3. Harness the developmental energy in each partner and in the system.  It’s normal to move towards positive growth-promoting experiences. However, when couples have been together very long, they start to retrigger painful moments of hurt and disappointment. They begin to regress. You’ll want to stay steady and select interventions that support progression rather than regression. In this phase, it’s important to offer experiences between the two individuals that will facilitate the unfolding of normal growth-promoting energy. Here, you need to highlight each partner’s strengths and identify the areas where they are open to being pushed to grow. As therapists, we need to discern how we can take them to those places – especially when one partner is threatened by the other partner’s growth.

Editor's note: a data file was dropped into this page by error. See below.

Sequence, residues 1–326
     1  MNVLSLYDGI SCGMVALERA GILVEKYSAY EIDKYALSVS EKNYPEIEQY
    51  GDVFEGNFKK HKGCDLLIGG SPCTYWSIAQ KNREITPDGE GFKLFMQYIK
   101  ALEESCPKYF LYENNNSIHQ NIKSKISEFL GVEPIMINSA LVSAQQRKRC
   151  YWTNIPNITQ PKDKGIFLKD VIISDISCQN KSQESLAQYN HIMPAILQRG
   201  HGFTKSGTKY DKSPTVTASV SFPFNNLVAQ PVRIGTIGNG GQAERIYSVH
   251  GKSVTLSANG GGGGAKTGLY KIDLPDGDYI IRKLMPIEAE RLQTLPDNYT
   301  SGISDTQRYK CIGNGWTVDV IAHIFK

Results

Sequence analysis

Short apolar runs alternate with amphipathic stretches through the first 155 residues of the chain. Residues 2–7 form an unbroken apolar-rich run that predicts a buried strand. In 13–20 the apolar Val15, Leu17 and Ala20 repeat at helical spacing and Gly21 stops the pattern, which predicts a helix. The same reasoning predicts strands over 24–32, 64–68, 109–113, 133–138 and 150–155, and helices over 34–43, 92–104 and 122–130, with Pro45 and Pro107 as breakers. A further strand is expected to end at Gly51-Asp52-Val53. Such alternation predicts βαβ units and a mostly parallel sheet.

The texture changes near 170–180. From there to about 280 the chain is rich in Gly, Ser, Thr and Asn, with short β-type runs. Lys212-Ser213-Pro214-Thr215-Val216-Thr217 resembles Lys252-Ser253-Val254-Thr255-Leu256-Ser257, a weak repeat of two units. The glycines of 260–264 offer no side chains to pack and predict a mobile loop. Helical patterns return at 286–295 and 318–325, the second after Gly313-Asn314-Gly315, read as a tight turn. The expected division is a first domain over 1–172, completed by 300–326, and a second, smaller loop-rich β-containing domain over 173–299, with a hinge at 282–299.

4. Help partners stop retriggering and retraumatizing each other.
    In order to repair ruptures within their relationship, couples need specific skills. Defusing hostility under stress is not easy. You’ll want to lead them through specific exercises to  help them repair and tolerate the anxiety of differentiation.
  5. Identify internal conflicts that are interfering with the couple’s development. Recognize that change is stressful. Most partners have two polarities.  Another way to say this is, “What is each partner’s dilemma?” They may want to change and be afraid to change. For example, a wife might say that she wants more open communication with her spouse but she is very afraid and reactive when her partner expresses desires that are uncomfortable for her. Effective work takes uncovering the resistance to stretching and growing. Your job is to uncover these internal conflicts and stimulate motivation for change.